Coronation View Point

View from Coronation Viewpoint

Coronation Viewpoint is an intimate, grassy lookout area located on a ridge of the Pacific Highway at Greenwich, south of Osborne Road. The viewpoint faces south with extensive views over both the Lane Cove district and the city of Sydney.

In the 1930s, the site was recognised as ‘a wonderful vantage point, offering unsurpassed panoramic views of the Metropolis and the surrounding countryside.’

The name Coronation Viewpoint was given to the site to commemorate the coronation of King George VI, the father of Queen Elizabeth II.

During World War II, Lane Cove Council had zigzag air-raid trenches dug in a number of locations. Coronation Viewpoint was one of these public sites. The trenches were for motorists, residents or shoppers who may have been caught outside in the unlikely event of an air-raid.

In 1965, Coronation Viewpoint Park was awarded ‘highly commended’ in The Sydney Morning Herald Garden Competition for the small public park category. In addition, the Rotary Club of Lane Cove proposed a plan for the beautification of Coronation Viewpoint as its annual Community Service Project in 1967. The plan included making a focal point for the park which included a fountain. The final design was a combination of sculpture and water, with a ‘flame’ of bronze to give it height and substance.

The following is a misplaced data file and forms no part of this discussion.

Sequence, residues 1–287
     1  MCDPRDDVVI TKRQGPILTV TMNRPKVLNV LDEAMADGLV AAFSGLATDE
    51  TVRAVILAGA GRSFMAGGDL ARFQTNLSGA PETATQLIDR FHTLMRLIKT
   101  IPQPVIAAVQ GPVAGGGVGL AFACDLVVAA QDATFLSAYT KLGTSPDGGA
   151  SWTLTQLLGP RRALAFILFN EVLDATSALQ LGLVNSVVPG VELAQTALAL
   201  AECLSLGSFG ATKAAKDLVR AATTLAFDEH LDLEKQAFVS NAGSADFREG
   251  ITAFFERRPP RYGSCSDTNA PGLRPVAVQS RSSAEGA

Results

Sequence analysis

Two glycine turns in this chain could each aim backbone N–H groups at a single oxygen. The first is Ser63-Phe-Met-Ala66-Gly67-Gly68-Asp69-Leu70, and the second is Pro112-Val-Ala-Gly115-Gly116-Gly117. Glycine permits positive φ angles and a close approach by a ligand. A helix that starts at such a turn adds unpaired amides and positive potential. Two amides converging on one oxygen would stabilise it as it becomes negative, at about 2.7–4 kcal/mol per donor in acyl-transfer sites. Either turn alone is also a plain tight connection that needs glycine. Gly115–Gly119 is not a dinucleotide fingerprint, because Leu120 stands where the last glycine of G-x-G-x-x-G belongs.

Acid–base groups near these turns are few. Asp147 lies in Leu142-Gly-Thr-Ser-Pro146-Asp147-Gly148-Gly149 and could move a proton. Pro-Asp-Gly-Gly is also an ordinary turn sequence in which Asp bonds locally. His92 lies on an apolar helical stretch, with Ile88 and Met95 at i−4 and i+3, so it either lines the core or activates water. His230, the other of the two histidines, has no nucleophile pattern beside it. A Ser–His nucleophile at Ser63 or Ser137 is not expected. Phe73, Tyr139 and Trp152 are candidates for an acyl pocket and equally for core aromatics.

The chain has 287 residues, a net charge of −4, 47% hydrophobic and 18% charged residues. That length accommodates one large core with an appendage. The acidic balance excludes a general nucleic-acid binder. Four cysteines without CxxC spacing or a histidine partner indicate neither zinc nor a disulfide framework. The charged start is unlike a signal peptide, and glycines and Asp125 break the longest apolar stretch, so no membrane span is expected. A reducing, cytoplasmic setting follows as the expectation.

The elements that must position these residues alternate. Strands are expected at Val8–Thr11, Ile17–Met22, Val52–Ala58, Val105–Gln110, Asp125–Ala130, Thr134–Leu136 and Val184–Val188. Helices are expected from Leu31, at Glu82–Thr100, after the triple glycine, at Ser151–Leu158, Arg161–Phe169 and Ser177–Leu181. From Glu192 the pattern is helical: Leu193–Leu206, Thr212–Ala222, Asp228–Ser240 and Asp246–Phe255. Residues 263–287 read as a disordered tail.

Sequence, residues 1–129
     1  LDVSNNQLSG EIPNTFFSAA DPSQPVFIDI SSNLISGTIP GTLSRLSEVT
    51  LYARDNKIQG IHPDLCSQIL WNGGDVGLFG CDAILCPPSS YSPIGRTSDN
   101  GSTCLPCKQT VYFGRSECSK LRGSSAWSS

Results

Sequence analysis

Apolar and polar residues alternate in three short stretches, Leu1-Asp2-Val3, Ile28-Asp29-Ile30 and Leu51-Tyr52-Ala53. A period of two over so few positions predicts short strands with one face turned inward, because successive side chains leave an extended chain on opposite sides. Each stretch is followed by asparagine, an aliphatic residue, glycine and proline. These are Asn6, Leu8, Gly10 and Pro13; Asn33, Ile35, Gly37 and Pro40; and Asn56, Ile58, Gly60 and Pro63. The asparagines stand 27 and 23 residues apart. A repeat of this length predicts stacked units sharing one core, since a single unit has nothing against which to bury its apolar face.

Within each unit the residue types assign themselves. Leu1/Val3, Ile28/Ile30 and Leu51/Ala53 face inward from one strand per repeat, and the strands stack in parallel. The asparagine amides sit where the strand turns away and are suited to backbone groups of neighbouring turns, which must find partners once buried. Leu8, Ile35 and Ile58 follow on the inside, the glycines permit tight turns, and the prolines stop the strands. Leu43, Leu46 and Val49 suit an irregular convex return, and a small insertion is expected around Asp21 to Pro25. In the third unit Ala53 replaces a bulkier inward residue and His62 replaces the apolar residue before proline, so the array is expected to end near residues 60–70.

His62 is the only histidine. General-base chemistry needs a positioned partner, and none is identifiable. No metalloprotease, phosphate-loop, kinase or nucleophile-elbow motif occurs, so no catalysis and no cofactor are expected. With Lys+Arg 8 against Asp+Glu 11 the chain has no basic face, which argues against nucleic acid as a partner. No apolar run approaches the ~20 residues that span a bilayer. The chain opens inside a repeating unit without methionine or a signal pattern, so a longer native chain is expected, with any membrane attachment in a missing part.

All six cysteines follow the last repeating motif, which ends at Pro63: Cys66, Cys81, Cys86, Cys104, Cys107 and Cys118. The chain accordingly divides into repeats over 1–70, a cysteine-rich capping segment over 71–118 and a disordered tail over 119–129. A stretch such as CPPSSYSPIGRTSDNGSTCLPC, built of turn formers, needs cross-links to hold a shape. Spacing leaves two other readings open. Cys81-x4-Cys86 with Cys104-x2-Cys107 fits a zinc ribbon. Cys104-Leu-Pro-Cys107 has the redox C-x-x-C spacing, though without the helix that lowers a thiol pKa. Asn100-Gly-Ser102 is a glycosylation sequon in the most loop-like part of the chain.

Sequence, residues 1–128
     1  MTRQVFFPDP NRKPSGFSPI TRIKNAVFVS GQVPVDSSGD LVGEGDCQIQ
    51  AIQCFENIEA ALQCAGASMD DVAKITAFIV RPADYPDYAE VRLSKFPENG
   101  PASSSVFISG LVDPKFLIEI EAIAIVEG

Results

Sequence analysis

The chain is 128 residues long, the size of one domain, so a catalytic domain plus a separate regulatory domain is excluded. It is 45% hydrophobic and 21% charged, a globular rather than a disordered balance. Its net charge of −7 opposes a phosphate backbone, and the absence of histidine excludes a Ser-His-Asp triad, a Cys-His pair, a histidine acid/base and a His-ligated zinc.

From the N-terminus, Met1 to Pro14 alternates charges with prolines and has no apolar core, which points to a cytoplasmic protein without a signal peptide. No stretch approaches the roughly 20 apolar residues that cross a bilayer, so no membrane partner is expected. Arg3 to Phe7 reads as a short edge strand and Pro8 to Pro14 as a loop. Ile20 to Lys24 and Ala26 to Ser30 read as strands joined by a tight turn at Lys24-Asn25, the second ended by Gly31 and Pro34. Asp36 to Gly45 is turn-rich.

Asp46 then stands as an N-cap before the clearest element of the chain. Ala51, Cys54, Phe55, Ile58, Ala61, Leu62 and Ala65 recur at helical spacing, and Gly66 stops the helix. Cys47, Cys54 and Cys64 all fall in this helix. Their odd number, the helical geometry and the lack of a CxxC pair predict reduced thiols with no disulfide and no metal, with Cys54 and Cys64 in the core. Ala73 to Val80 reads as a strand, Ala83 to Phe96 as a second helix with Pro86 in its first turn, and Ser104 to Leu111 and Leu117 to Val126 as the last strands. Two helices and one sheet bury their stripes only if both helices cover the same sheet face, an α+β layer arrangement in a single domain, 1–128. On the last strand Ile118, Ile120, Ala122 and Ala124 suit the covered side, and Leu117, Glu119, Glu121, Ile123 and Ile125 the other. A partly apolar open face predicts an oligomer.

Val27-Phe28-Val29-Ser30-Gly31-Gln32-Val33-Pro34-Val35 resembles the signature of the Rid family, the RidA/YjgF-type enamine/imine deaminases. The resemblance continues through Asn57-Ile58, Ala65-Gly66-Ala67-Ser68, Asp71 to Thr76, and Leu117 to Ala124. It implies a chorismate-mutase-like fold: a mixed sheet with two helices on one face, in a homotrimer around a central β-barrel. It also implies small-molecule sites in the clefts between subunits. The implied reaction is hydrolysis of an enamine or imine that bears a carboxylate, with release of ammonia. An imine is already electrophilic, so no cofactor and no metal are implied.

The sculpture was designed by Otto Steen and named the Rotary International Fountain. The overall project was overseen by Loyal G. Figgis of Figgis & Jefferson Architects and was completed in 1968, with the official opening and unveiling by Mayor Archibald W. Mackinnon on 9 July 1968.


300-310 Pacific Highway, Greenwich 2065  View Map

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